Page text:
Besides being as prolific song writer and studio musician, for over a span of 35 years Toby has played bass and sang support vocals with David LaFlamme former member of the Summer of Love psychedelic folk-rock band It's a Beautiful Day, co writing the instrumental Santa Cruz with David Laflamme as well as producing "Live In Seattle" and co-producing "Beyond Dreams" and "Misery Loves Company" CDs.
In the 70's Toby toured with Dick Clark Productions and was fortunate to perform with nationally known musicians such as jazz guitar legend Howard Roberts, Jamaica's Larry McDonald (Taj Mahal, Gil Scott-Heron, Skatalites), Bill Barnwell and the International Jazz Society, pianist Victor Borge, and an original material project called Gandharvas to name a few.
Toby is sought after by bands and other composers for his ability to
perform and record
diverse musical styles and create solid and creative parts for their projects.
Good Times Interview:
Toby Gray’s baritone speaking voice is coarse but warm; his measured tones would make for a perfect narration of a Cormac McCarthy audiobook or some classic Western. So it’s not surprising that Gray’s singing voice is well-suited to the Americana music he performs both solo and with his backing band, Highway Buddha.
“Through music, we get rid of the obstacles in our heart,” Gray says. “I’m not religious, but I believe in spirits within you.” The name Highway Buddha is a nod to the artist’s years spent wandering Middle America, and his lifelong interest in Eastern religion.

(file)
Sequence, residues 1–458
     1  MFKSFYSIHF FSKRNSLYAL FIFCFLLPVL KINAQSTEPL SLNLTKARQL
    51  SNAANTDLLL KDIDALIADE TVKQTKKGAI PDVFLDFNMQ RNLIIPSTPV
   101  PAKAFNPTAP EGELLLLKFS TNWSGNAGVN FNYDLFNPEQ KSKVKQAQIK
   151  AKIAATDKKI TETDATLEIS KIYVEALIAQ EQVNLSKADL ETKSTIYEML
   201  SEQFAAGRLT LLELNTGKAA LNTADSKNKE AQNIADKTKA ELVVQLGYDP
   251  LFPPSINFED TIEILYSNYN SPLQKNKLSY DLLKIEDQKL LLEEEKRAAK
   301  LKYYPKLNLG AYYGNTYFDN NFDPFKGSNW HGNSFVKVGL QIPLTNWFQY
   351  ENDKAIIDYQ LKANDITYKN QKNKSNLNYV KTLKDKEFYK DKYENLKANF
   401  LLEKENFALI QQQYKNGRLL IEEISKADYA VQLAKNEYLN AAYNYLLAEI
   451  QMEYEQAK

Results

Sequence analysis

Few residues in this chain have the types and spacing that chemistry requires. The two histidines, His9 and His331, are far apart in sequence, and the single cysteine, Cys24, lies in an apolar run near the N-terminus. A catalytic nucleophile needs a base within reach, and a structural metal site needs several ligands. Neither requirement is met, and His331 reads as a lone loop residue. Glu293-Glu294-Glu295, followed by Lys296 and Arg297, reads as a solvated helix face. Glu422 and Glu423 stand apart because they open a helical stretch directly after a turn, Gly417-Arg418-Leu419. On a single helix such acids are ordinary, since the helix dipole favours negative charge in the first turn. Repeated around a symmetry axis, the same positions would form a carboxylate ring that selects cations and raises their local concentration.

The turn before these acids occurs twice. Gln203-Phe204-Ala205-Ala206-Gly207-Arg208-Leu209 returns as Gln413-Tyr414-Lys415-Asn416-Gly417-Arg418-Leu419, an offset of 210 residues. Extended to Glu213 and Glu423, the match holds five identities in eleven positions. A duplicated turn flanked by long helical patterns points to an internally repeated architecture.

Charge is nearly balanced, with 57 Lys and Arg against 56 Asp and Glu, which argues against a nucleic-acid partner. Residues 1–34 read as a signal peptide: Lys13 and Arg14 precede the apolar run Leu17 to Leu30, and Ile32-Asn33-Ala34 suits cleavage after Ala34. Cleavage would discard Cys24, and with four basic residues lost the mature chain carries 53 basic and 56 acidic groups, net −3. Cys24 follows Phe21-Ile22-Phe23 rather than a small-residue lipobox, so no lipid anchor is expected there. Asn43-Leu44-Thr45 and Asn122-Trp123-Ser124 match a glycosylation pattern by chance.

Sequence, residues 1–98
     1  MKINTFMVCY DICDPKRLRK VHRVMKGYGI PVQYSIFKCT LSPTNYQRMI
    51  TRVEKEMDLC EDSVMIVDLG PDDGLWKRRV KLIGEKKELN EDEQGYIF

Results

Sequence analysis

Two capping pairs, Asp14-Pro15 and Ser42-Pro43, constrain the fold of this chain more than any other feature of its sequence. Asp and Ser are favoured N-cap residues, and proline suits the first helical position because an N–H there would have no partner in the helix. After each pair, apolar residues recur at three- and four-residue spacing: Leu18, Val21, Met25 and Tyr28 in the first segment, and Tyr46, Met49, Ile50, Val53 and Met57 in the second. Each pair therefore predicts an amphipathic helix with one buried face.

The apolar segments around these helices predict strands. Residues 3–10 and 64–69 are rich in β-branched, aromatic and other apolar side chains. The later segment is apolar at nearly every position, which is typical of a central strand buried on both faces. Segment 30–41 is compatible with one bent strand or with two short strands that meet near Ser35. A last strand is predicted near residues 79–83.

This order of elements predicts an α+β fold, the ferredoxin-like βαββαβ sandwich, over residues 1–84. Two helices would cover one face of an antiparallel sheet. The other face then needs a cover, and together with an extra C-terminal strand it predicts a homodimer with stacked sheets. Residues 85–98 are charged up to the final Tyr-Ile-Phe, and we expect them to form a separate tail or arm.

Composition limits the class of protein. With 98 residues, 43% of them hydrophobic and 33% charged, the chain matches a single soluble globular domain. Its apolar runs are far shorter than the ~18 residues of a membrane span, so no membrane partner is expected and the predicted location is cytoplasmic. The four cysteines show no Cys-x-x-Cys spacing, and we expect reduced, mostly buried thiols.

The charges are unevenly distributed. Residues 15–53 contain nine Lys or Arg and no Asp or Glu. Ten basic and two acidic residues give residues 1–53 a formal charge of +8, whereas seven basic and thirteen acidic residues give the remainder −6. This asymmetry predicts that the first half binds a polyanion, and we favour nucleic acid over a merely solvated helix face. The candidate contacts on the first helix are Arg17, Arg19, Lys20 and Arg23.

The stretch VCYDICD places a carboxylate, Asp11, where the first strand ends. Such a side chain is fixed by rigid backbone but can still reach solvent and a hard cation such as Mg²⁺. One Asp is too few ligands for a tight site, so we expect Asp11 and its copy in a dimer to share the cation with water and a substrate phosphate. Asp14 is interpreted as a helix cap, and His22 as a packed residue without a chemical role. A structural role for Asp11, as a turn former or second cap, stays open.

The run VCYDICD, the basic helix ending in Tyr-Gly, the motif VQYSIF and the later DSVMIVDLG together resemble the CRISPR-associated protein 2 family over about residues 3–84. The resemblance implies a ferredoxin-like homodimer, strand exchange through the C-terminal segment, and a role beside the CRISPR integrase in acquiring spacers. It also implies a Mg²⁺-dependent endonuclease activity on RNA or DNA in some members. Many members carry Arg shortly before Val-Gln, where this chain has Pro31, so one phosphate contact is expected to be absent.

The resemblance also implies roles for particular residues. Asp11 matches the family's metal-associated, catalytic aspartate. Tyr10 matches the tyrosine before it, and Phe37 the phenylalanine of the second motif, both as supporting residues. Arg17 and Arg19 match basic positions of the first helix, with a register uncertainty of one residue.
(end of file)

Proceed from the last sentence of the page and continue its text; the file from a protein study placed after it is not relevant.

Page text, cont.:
His unique strain of spiritual folk, which he describes as “hot tub music—esoteric, tabla, eastern stuff,” was inspired in part by his childhood years spent on a farm in Appalachian Ohio. Gray draws from these experiences during live sets, where he weaves stories of moonshine-laced drum circles and various hippie exploits between songs. His narration gives the stories an old-timey authenticity, but when asked if his tales are always truthful, Gray responded with a robust “Oh, hell no!”
In addition to the storytelling, Gray keeps things interesting by bringing in a different group of players for every show: “I’m not tied down to any one group of musicians—I have my A-list, but if they’re not available I’ll bring in someone else, and often that person works out even better.”
Despite the rotating lineup, Gray got over the angst of live performances long ago. He recalls with slight nostalgia the heyday of musician’s unions, back when he played upright bass for jazz clubs in the ’70s. “The union was a blessing—you could make really good money playing music, $50 an hour in the ’70s. It was a respectable living.”